Five Tips to Become a More Credible Assistant

What does it mean to be "credible" as an assistant? What does credible look like to you? How can you be competent in your job, stretch yourself professionally, and still stay within the scope of your training and your duties as determined by your CCC-SLP or CCC-A supervisor?

The word credible means different things to different people. Most people associate the term with respect or professionalism, but even those words have several layers of hidden meaning. Certainly, someone who is credible deserves respect, but respect is earned and not always a given.

Training and competence alone do not make a person credible in their job. Quite often, a truly successful person has good technical knowledge or skills combined with the nontechnical or "soft skills" that are so important when working within a team environment and when working with clients. The following tips are a collection of common sense suggestions and soft skills that can determine whether your employer, your supervisor, and your colleagues think of you as merely proficient or as a true professional:

  • Maintain a positive and pleasant attitude. You would be surprised at how often people are promoted and given a chance for advancement simply by being nice to others. A positive attitude, even in the middle of a bad situation, can not only reduce the level of stress (for everyone), but can also really set you apart and maybe even make you the go-to person for your supervisor. Besides, who wants to be around someone who is always negative? Have you ever heard of someone getting a raise or promotion for their bad attitude?
  • Project a professional image. This simply translates to "common sense" things like:
    • wearing clean, neat, suitable clothing;
    • speaking respectfully and appropriately to your supervisor, your colleagues, and your clients;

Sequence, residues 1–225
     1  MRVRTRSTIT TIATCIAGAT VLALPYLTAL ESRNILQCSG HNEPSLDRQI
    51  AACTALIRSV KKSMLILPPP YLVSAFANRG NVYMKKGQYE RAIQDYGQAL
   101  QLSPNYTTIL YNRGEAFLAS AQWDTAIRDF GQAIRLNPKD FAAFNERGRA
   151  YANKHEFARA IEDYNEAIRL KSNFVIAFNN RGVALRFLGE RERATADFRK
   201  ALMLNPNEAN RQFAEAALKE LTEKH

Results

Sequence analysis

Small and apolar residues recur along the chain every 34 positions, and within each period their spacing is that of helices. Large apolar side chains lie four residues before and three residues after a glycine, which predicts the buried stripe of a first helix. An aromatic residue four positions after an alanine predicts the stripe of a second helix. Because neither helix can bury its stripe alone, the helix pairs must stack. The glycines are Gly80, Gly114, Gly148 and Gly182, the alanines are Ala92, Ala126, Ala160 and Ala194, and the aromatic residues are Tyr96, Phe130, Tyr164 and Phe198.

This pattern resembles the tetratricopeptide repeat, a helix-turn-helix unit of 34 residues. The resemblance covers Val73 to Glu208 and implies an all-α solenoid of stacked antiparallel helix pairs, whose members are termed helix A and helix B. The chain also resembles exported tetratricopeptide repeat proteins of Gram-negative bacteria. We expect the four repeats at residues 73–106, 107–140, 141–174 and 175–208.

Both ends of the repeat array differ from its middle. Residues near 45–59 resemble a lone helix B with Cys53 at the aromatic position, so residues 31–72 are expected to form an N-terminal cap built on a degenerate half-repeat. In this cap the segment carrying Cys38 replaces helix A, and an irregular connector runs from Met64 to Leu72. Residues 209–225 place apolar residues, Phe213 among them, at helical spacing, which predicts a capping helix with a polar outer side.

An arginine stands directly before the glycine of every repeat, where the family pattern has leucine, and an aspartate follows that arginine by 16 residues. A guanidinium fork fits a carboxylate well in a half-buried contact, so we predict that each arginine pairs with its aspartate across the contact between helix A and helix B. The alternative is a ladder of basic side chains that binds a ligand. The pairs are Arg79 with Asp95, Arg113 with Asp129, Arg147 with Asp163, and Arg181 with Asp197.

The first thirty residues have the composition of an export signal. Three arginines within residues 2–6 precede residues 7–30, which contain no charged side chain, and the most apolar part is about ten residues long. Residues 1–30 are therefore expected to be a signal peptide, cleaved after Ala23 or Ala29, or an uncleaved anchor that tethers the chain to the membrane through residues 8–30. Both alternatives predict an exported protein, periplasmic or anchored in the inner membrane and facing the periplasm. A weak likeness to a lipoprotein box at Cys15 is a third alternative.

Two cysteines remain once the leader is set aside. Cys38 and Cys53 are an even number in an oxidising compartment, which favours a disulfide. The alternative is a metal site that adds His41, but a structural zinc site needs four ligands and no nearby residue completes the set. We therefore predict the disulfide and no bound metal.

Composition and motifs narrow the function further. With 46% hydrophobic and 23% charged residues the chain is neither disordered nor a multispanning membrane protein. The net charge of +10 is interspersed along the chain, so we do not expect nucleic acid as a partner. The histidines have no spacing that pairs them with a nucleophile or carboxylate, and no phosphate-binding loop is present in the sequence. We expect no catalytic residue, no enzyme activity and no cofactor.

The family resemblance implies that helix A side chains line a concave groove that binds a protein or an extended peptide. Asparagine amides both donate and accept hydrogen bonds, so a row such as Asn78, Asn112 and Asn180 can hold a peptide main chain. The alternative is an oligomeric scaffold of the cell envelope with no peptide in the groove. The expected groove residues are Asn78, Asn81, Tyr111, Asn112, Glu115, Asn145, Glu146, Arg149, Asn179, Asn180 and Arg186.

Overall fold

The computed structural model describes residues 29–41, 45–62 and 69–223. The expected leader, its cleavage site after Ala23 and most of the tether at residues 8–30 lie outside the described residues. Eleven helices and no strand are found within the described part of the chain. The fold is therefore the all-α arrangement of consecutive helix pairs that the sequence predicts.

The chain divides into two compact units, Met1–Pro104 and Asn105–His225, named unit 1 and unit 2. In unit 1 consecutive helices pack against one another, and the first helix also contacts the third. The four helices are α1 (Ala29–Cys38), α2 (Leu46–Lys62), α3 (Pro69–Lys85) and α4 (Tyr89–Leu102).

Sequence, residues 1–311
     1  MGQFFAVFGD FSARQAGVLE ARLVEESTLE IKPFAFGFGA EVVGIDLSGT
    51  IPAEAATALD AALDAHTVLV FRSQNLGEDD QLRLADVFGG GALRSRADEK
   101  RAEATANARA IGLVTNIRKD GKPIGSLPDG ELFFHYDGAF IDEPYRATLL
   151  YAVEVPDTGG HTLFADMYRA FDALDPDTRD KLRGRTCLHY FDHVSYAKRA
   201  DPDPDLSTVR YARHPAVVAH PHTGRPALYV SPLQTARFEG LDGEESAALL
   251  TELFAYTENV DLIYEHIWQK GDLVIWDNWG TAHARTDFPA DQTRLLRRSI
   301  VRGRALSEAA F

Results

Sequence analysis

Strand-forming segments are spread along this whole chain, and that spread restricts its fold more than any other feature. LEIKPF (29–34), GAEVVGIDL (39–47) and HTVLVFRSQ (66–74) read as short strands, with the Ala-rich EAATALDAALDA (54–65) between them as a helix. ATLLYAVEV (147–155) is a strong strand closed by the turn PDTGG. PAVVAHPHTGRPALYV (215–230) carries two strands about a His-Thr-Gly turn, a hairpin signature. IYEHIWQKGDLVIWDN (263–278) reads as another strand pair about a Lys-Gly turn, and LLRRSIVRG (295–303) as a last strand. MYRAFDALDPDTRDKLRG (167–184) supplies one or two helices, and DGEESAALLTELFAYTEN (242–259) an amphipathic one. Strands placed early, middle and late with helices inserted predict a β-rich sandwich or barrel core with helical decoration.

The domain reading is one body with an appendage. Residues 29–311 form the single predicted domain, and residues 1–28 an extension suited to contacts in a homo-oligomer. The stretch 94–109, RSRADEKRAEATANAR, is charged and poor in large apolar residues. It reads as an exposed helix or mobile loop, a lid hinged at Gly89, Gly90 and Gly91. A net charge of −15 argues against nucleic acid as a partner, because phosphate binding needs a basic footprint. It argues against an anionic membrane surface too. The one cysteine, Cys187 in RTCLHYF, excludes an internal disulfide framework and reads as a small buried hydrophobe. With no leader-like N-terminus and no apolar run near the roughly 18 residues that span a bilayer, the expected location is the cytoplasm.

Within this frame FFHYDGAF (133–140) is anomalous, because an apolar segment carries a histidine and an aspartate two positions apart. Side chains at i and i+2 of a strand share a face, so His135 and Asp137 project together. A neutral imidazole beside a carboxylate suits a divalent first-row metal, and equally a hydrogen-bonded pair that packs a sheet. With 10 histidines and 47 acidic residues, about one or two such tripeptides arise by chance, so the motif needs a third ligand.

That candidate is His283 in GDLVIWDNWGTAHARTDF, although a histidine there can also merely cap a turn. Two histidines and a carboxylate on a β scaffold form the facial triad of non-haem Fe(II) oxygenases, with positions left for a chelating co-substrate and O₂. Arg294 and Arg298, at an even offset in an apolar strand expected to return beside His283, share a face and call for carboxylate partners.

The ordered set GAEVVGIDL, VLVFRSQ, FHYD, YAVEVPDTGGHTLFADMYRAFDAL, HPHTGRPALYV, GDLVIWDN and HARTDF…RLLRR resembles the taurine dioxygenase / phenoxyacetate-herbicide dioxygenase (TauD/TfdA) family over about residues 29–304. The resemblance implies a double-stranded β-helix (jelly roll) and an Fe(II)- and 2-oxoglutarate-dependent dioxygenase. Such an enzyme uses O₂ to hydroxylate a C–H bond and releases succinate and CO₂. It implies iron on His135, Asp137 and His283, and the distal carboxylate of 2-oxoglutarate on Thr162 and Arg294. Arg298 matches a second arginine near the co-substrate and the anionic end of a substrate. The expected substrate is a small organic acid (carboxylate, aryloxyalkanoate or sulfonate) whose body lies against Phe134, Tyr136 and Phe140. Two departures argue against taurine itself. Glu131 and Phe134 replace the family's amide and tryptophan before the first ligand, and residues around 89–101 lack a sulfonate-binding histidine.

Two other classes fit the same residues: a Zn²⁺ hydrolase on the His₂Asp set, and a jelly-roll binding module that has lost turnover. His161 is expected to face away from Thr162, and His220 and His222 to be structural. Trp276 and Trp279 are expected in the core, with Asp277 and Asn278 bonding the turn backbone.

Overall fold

• and arriving at work on time (or even a little early).
  • Convey a willingness to learn new things. A true professional continues to learn and stay abreast of current trends and research in their field. A professional assistant should expect to do the same thing. If you want your supervisor to notice your professionalism, then you need to incorporate these three things in your work style:
    • Volunteering for tasks and being willing to learn something new goes a long way in building trust and credibility in any job.
    • Asking your supervisor how you may better assist them—this very simple question can make a "regular" employee become a "valued" team member in an instant!
    • Working with your certified supervisor to develop a professional development plan is a sign that you take your career seriously.
  • Demonstrate initiative. Perform your routine tasks without waiting for someone to ask you. Complete your assignments on time and be thorough in your tasks. Act as if your supervisor is watching you even when he or she is not physically standing beside you.
  • Exhibit a sense of organization. No supervisor wants to take time out of a hectic day to organize an assistant's work. Make sure your work environment is neat and organized and lends itself to being a productive, professional looking space. Your boss will thank you and the clients will too!

None of these tips are rocket science. Each tip has a measure of common sense and all of them can be easily incorporated into your daily work habits. However, you may find that if you use all of these techniques, you not only get referred to as credible, but you might just be called "incredible"!

ASHA Corporate Partners